Owen’s key idea, indeed perhaps his only one, was: 'Man’s character is made for and not by him'. He thought that it was therefore possible to give a person any character you like. He was, in short, a ‘man moulder’.

Robert Owen was born in Wales. He had little formal education but through hard work and nous (including marrying the boss’s daughter) soon became a big cheese in the cotton spinning business. In 1800, at the age of 29, he moved to New Lanark in Scotland.

This was the real era of the dark satanic mills. Sans unions and sans factory legislation, the workers toiled endlessly for a measly pittance, existing in a degraded condition in filthy slums. Owen took New Lanark (which it must be said was even at the start one of the better mills) and made it a model factory estate. Nice Mr. Owen became well known as a genial entrepreneur and benevolent philanthropist. At his factory at Lanark he improved hours and conditions, introduced schooling, and banned 'morally harmful' out-of-hours activities (outlawing pubs and books and fining extra-marital sex). He raised the minimum working age from six to ten years. Entertainment for his workers was a little harmless music, some dancing and physical jerks. Military drill was introduced to 'give them an erect and proper form, and habits of attention, celerity, and order'. In addition 'firearms, of proportionate weight and size for the age and strength of the boys shall be provided for them.' A key element in the workplace was the public display of a block showing the behaviour of the individual (shades of Maoist self-criticism). This was said to be character building but also produced a disciplined and productive workforce. (All quotes are from A New View of Society -- Owen's account of New Lanark).

Helen Keller (1880—1968) and her devoted teacher Anne Sullivan (1866—1936) owe their places in the pantheon of American heroines to their successes in overcoming the effects of an illness that left Helen deaf, blind, and mute at the age of 19 months. Helen learned to communicate in several languages and wrote a series of books. From 1924 until her death she was employed as a fundraiser and lecturer by the American Foundation for the Blind and traveled the world as a ‘goodwill ambassador’ for the United States.

That is the ‘official story.’ But it omits the fact that as a young woman Helen Keller was also well known as a publicist for the American socialist movement. She discovered socialism in 1908 and joined the Socialist Party the next year. In 1915, feeling that the Socialist Party was getting bogged down in reformism,1 she joined the syndicalist Industrial Workers of the World (IWW). In the early 1920s she stopped publicly identifying herself as a socialist, but her correspondence shows that she remained a socialist at heart.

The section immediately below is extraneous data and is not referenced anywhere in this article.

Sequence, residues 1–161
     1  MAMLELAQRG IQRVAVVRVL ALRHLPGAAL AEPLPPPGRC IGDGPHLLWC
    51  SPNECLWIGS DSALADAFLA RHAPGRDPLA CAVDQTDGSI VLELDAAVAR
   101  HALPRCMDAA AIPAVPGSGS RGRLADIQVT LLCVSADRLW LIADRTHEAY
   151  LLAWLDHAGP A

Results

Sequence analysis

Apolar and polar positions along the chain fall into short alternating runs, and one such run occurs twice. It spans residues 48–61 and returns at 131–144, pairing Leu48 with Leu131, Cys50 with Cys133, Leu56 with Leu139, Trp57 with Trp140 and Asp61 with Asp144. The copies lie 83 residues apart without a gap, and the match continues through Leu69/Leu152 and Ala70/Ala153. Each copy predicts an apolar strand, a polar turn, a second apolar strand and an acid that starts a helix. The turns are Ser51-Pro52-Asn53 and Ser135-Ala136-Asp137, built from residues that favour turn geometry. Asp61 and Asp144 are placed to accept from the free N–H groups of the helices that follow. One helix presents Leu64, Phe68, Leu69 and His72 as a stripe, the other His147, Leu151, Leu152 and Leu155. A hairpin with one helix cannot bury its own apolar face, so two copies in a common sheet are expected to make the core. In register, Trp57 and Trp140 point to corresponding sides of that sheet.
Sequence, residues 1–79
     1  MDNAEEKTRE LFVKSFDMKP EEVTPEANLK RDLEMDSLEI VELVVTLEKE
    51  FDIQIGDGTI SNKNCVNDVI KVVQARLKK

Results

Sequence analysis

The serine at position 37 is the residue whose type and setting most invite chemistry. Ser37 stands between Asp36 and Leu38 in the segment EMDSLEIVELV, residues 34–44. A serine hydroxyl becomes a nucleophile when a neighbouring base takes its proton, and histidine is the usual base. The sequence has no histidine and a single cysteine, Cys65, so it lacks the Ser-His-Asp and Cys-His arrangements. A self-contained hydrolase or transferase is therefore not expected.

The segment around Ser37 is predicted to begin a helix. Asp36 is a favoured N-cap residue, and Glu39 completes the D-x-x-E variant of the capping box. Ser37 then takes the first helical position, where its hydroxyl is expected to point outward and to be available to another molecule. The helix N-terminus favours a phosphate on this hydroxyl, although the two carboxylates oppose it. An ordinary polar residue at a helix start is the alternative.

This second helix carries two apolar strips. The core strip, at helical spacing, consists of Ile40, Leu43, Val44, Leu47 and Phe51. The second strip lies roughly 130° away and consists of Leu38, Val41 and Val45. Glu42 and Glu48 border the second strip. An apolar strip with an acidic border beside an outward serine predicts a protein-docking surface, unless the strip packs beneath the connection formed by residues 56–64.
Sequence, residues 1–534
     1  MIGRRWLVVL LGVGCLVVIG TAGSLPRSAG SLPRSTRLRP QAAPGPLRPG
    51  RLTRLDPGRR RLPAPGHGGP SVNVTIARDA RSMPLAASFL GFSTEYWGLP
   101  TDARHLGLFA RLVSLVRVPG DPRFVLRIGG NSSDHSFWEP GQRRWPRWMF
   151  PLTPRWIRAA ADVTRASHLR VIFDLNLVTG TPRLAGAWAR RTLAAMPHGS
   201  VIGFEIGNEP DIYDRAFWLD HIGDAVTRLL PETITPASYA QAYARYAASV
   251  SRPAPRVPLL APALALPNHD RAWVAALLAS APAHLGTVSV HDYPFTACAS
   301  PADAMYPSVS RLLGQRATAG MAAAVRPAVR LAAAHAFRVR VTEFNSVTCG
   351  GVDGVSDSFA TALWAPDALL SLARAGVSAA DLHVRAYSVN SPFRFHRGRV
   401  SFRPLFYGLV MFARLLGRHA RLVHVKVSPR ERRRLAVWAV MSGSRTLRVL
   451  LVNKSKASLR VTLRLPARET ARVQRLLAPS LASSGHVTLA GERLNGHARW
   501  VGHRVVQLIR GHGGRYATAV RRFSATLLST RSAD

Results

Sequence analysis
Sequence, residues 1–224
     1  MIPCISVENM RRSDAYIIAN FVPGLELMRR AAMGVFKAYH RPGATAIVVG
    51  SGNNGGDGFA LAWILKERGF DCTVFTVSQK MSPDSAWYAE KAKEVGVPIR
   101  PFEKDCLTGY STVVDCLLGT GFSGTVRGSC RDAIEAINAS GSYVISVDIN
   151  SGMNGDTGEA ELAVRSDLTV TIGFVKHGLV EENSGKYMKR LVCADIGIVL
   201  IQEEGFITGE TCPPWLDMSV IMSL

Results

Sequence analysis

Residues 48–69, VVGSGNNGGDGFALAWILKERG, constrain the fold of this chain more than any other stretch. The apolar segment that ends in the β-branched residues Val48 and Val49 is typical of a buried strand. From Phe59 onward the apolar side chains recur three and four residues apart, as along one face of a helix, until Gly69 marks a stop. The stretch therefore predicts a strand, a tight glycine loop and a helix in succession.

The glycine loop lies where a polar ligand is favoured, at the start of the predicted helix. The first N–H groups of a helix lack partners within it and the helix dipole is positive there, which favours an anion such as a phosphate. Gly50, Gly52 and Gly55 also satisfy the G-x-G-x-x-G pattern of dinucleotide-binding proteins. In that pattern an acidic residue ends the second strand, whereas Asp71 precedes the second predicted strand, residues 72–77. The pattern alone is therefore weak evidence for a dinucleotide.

Even now many accounts of Helen Keller’s life make no mention of her socialist views and activities. This is especially true of books about her written for young people, perhaps because their authors were concerned to ensure their use in schools. Other accounts mention her socialism but only in passing.2 By contrast, some scholars – notably, Philip S. Foner of Lincoln University and Kim E. Nielsen of the University of Wisconsin—Green Bay3 – have made special efforts to draw attention to this aspect of her life.

What then were the conditions that first enabled Helen Keller to become an active socialist but later prevented her from continuing to express socialist views in public?

It does not detract in any way from recognition of Helen Keller’s remarkable achievements to acknowledge that in her dealings with the world she remained dependent upon help from other people. Above all, she was always deeply dependent upon ‘Teacher’: Anne Sullivan lived with her and constantly accompanied her to act as her guide, interpret her garbled speech, and convey to her the meaning of what others said. On her own Helen could read only material published in Braille.4

It is therefore pertinent to clarify the attitude of Anne Sullivan toward socialism. Unfortunately the sources tell us little about this. It was Anne who provided Helen with her first reading matter on socialism, a book by the English writer Herbert George Wells.5 She did so, however, not out of any sympathy for socialism but in the hope that the author’s ‘electric’ and ‘imaginative’ style would stimulate her student. Indeed, she got much more than she had bargained for! As Helen became more deeply involved in the socialist movement, Anne gently tried to dampen the enthusiasm that she herself had inadvertently kindled.